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Kuchipudi by Amrita Lahiri
- Jaya Rao Dayal

February 14, 2019

The requirements of being a Kuchipudi artiste were far too demanding: 'saushtavam', 'ang shuddhi', an in depth knowledge of dance, music, theatre, knowledge of the epics, mythology, Telugu literature, Telugu language. The reason literature and language are mentioned here separately is because apart from being conversant with the chhanda, alamkaras etc, the task of the sutradhara also lay in holding the spectator's interest through skilful oration. Music also meant being knowledgeable in the system of ragas, being well versed in singing, having an ability to play instruments. Since a major part was improvisation, the role of manodharma played a very vital role.

And when this art form moved from being a theatrical production to a solo performance format, there has been a world of change. Without talking more about the change in the art form, I present a small review of a performance which has got me asking if being a purist is not the order of the day.

Amrita Lahiri's recent Kuchipudi recital in the capital was indeed only on the fringe of Kuchipudi. This is probably the risk that we run into by stylising even the thought processes leave alone the grammar of the dance form and by presenting it to an audience that may not be so discerning. I will take up two points of critique. Firstly, rendition of an ever dynamic Kuchipudi cannot be formulaic. What I watched in 2014, as Murchhana performed by Amrita at the Tarpan Festival organised by the Gandharva Mahavidyalaya remains the same for this concert in 2019. While the conceptualisation or visualisation may have been mentored by the highly talented Odissi dancer Sharmila Biswas, there was not much differentiation in the three different themes to express Murchhana. The singer Sudha Raghuraman seemed to depict 'kshoba' , the Telugu word for angst far more effectively in the story of Tunga-vidya from the Bhagavatam.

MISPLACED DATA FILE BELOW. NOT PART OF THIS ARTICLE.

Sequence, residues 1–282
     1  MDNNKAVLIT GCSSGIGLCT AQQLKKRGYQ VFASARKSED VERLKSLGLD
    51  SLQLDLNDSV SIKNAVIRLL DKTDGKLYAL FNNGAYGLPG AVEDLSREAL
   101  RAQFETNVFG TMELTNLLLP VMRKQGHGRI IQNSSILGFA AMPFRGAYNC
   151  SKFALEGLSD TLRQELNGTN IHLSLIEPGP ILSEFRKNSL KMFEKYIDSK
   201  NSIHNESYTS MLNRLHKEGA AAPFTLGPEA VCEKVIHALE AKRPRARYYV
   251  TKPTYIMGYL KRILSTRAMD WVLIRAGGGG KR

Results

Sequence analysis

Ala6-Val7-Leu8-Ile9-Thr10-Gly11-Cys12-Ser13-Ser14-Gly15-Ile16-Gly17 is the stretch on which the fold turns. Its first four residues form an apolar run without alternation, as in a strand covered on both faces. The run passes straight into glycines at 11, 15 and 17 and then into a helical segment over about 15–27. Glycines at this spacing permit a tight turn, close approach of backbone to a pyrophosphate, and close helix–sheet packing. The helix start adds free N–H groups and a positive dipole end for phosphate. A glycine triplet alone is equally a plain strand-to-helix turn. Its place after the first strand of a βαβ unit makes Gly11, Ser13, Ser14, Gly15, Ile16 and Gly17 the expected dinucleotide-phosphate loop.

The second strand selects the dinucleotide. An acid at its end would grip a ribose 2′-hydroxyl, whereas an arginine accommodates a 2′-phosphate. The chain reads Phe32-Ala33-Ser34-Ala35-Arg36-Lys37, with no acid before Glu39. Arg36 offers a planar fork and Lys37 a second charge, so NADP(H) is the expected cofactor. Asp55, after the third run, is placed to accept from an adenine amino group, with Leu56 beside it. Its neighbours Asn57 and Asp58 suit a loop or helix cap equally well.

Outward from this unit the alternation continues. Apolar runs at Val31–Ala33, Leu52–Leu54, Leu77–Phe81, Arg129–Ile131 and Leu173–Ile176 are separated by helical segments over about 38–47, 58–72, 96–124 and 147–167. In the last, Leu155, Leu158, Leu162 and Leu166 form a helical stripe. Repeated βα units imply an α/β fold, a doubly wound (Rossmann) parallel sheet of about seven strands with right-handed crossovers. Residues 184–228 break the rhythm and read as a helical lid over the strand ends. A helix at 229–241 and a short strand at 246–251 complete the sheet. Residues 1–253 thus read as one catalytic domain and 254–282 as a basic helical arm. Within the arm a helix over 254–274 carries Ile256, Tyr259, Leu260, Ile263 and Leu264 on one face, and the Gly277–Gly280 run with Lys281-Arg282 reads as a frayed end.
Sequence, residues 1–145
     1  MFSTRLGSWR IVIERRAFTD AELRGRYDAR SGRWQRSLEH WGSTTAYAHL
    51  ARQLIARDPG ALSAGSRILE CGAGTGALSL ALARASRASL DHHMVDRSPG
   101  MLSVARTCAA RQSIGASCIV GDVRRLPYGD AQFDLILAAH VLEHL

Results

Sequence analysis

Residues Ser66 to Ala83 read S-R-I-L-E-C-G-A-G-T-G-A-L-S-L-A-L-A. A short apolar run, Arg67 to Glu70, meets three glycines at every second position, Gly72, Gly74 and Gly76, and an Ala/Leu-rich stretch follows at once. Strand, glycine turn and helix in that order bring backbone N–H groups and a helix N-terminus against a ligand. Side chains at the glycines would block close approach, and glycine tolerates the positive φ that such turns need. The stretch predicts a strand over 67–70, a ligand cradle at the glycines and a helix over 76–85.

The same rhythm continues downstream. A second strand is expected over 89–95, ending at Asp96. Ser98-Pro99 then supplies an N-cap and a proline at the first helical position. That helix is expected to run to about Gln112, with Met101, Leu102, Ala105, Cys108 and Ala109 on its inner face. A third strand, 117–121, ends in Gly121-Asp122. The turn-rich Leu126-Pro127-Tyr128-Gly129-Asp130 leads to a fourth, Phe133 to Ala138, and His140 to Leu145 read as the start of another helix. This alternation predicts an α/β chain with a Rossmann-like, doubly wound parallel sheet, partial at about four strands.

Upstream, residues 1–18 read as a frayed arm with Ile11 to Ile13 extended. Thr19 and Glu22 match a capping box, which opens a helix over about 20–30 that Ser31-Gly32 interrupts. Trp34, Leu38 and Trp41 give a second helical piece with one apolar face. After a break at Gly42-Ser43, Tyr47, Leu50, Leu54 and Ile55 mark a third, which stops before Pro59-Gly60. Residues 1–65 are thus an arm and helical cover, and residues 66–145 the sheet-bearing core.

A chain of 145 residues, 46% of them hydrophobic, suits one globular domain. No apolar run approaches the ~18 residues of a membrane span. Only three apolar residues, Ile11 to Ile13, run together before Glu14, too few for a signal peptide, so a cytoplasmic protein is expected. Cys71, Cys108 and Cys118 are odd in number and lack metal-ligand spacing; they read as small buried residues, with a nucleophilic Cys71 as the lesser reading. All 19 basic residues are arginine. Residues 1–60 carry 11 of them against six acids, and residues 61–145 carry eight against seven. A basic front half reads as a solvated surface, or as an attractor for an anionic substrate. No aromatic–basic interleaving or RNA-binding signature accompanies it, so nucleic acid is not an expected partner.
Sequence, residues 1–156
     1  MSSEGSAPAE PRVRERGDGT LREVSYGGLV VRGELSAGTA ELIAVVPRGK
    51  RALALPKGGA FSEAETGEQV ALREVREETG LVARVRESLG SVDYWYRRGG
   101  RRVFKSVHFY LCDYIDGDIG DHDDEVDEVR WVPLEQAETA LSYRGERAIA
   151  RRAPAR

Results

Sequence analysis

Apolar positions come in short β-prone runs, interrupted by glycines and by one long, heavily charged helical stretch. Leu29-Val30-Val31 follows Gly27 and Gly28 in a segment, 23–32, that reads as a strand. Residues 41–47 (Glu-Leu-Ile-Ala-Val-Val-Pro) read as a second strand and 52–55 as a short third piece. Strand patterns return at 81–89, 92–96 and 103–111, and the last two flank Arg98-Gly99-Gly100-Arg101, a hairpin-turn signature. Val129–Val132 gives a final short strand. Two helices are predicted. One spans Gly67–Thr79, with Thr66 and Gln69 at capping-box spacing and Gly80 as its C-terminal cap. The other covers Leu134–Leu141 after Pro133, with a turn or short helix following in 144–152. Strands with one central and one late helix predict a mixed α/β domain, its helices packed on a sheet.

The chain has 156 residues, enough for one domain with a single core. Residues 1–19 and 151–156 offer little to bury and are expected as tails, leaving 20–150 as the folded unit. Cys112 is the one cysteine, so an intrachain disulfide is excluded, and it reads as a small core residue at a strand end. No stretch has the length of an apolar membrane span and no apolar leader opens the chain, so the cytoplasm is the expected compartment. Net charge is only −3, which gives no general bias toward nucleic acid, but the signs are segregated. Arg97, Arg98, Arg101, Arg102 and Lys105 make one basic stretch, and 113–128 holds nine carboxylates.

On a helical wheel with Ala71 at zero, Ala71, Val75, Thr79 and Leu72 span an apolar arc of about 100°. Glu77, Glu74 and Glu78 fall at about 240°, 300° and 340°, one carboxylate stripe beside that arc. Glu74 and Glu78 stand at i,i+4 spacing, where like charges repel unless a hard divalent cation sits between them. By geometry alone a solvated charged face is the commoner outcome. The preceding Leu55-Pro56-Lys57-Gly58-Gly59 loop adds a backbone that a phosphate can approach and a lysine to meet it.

The second issue I have is that the basic tenets of one style from another have to be clearly distinguishable. The artist's 'nadaka' or the sprightly walk had no element of Kuchipudi. The Telugu word 'usi' is used to characterise this walk. 'Usi',which has different meanings, also is the hand wave or gesture done in-between two beats while keeping the talam. By extension, it could be the flourish of the foot before it is placed in the next step as per the beat. When discussing this with a friend who is working on her thesis in Kuchipudi, she mentioned that a Bhagavathar rightly pointed out, "In the past the dancers were part dancers and part farmers ...working in the rice fields which is a tough task, probably made the Kuchipudi gait so distinctive..."

Carrying the Kuchipudi mantle forward is by no means a simplistic endeavour. When I say this it is not to demean anyone's sadhana. But we are talking about a dance form which may on the surface remind us of female impersonations done by male artistes in gaudy costumes, it is indeed steeped in deep erudition, fascinating stories told by the use of movements and music which are unmatched.

Talking about Kuchipudi, in an interview, artist Chinta Ravi Balakrishna said, "It has become the pursuit of the urbane..." Anyone who pursues the art form has a big responsibility in retaining the very basic tenets. While I laud the artist for all the years of effort put in, Amrita Lahiri's recital could have passed off as a Bharatanatyam concert with flashes of Kuchipudi.

Jaya Rao Dayal is trained in Bharatanatyam, and in the last decade, she has been pursuing research in Indian aesthetics. She submitted a dissertation to Jnanapravaha in Mumbai as part of a post graduate program in Indian aesthetics.